|Commenced in January 1999||Frequency: Monthly||Edition: International||Paper Count: 4|
Purpose: This research paper seeks to review the empirical studies in the field of expatriate adjustment in East Asia in order to produce a thematic understanding of the current adjustment challenges, thus enabling practitioners to enrich their knowledge. Background: Learning to live, work, and function in a country and culture vastly different from that of one’s upbringing can pose some unique challenges in terms of adaptation and adjustment. This has led to a growing body of research about the adjustment of expatriate workers. Adjustment itself has been posited as a three-dimensional construct; work adjustment, interaction adjustment and general or cultural adjustment. Methodology: This qualitative systematic review has been conducted on all identified peer-reviewed empirical studies related to expatriate adjustment in East Asia. Five electronic databases (PsychInfo, Emerald, Scopus, EBSCO and JSTOR) were searched to December 2015. Out of 625 identified records, thorough evaluation for eligibility resulted in 15 relevant studies being subjected to data analysis. The quality of the identified research was assessed according to the Standard Quality Assessment Criteria for Evaluating Primary Research Papers from a Variety of Fields. The data were analysed by means of thematic synthesis for systematic reviews of qualitative research. Findings: Data analysis revealed five key themes. The themes developed were: (1) personality traits (2) types of adjustment, (3) language, (4) culture and (5) coping strategies. Types of adjustment included subthemes such as: Interaction, general, work, psychological, sociocultural and cross-cultural adjustment. Conclusion: The present review supported previous literature on the different themes of adjustment and it takes the focus from work and general adjustment to the psychological challenges and it introduces the psychological adjustment. It also gives a different perspective about the use of cross-cultural training and the coping strategies expatriates use when they are abroad. This review helps counselling psychologists to understand the importance of a multicultural approach when working with expatriates and also to be aware of what expatriates might face when working and living in East Asia.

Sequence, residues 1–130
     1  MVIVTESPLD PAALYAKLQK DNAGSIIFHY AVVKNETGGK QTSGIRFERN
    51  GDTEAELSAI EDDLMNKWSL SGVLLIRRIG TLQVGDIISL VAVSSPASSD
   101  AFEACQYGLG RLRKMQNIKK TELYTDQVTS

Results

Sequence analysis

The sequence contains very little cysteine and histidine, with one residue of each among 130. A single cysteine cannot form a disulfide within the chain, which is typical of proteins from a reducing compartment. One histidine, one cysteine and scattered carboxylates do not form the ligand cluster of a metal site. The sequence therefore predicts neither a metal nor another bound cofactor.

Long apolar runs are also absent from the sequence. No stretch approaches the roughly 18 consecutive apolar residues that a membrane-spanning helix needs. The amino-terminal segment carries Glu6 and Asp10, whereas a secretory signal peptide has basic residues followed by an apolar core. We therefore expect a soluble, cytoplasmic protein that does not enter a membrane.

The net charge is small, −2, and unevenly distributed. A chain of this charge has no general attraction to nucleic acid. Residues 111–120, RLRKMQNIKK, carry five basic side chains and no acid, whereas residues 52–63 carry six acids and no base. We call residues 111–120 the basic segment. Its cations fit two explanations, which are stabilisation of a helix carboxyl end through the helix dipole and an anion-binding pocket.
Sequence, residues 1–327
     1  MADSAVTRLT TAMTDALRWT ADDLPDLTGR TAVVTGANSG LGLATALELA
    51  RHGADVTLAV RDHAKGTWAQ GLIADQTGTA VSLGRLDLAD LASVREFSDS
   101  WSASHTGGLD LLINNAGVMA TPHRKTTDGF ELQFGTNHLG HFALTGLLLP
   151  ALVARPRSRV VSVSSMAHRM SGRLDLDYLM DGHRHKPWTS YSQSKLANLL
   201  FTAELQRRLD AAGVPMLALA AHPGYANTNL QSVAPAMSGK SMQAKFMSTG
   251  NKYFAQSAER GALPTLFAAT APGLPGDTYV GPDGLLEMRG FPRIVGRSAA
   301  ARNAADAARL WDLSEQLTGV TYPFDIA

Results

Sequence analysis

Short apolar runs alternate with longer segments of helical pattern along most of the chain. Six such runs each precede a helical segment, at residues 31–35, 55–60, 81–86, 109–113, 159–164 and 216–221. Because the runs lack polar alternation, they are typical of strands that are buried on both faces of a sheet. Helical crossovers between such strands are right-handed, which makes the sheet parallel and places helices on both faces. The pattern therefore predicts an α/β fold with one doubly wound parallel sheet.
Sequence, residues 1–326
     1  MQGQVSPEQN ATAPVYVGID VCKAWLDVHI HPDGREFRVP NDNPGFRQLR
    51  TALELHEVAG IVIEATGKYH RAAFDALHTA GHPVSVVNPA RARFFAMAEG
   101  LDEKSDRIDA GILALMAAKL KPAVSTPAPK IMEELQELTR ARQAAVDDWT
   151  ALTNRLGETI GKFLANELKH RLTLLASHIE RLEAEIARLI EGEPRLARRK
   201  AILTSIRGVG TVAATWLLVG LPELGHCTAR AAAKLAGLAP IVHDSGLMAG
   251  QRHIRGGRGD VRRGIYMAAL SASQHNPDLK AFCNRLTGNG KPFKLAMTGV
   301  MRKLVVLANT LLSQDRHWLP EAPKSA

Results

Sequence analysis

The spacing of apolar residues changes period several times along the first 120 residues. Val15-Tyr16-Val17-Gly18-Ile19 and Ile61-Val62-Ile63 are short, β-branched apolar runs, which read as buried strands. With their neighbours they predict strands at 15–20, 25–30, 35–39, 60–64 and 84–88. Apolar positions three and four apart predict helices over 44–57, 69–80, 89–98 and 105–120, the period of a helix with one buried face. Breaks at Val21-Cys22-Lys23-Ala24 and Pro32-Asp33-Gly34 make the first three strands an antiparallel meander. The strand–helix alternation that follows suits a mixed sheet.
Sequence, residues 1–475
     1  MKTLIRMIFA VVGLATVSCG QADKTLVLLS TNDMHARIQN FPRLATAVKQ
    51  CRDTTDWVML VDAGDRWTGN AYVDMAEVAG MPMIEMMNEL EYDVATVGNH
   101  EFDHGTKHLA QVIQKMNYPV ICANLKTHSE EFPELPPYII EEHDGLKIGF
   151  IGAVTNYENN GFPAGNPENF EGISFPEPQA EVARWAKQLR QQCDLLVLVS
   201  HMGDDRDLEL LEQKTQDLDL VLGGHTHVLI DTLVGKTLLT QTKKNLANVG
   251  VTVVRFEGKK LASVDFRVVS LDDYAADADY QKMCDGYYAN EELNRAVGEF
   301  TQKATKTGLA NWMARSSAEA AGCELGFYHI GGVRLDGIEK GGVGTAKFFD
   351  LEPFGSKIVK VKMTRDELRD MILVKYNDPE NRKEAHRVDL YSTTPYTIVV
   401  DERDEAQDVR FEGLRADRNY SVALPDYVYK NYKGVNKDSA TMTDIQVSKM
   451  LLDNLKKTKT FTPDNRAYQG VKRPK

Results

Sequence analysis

This paper investigates the spatial structure of employment in the Jakarta Metropolitan Area (JMA), with reference to the concept of the Southeast Asian extended metropolitan region (EMR). A combination of factor analysis and local Getis-Ord (Gi*) hot-spot analysis is used to identify clusters of employment in the region, including those of the urban and agriculture sectors. Spatial statistical analysis is further used to probe the spatial association of identified employment clusters with their surroundings on several dimensions, including the spatial association between the central business district (CBD) in Jakarta city on employment density in the region, the spatial impacts of urban expansion on population growth and the degree of urban-rural interaction. The degree of spatial interaction for the whole JMA is measured by the patterns of commuting trips destined to the various employment clusters. Results reveal the strong role of the urban core of Jakarta, and the regional CBD, as the centre for mixed job sectors such as retail, wholesale, services and finance. Manufacturing and local government services, on the other hand, form corridors radiating out of the urban core, reaching out to the agriculture zones in the fringes. Strong associations between the urban expansion corridors and population growth, and urban-rural mix, are revealed particularly in the eastern and western parts of JMA. Metropolitan wide commuting patterns are focussed on the urban core of Jakarta and the CBD, while relatively local commuting patterns are shown to be prevalent for the employment corridors.